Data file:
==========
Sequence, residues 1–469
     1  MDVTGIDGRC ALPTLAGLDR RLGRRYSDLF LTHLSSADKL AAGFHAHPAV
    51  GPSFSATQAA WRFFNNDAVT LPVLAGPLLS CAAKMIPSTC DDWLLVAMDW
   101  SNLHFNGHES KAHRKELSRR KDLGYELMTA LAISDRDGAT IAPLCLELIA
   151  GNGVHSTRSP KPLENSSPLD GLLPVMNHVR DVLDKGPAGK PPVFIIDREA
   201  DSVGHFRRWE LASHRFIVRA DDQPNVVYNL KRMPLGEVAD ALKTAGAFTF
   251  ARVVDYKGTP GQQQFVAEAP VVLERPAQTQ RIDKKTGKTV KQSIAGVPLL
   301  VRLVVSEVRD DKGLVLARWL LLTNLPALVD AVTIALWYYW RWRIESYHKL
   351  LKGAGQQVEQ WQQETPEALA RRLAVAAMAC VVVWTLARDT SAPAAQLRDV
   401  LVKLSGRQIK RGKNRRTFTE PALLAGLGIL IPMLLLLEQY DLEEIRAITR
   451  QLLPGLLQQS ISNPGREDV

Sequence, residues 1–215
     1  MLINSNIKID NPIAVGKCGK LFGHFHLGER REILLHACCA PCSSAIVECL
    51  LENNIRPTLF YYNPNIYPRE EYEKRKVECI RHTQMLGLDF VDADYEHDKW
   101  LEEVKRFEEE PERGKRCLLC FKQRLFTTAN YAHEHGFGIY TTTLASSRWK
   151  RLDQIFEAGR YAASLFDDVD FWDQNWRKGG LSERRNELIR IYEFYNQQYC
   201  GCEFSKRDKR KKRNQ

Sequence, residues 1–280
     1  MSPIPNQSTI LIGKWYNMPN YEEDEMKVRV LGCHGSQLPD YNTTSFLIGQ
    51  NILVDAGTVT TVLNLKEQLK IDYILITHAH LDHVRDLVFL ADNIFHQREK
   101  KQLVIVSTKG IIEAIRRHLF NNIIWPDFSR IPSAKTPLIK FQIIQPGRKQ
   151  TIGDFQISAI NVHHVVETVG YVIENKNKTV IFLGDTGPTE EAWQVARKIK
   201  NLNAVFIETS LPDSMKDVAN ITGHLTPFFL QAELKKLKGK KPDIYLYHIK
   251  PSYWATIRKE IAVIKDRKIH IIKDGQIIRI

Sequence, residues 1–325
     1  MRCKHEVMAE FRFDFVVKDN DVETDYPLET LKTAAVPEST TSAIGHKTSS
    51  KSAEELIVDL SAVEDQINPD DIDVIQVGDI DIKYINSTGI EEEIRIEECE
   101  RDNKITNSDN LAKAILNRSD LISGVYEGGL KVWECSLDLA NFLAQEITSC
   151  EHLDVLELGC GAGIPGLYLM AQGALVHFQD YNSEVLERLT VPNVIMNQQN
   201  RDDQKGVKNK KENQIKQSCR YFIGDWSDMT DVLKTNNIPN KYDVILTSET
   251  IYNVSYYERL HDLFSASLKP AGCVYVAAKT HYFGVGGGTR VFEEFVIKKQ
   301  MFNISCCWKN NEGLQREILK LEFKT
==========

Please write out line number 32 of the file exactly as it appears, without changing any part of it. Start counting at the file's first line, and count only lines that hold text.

   301  MFNISCCWKN NEGLQREILK LEFKT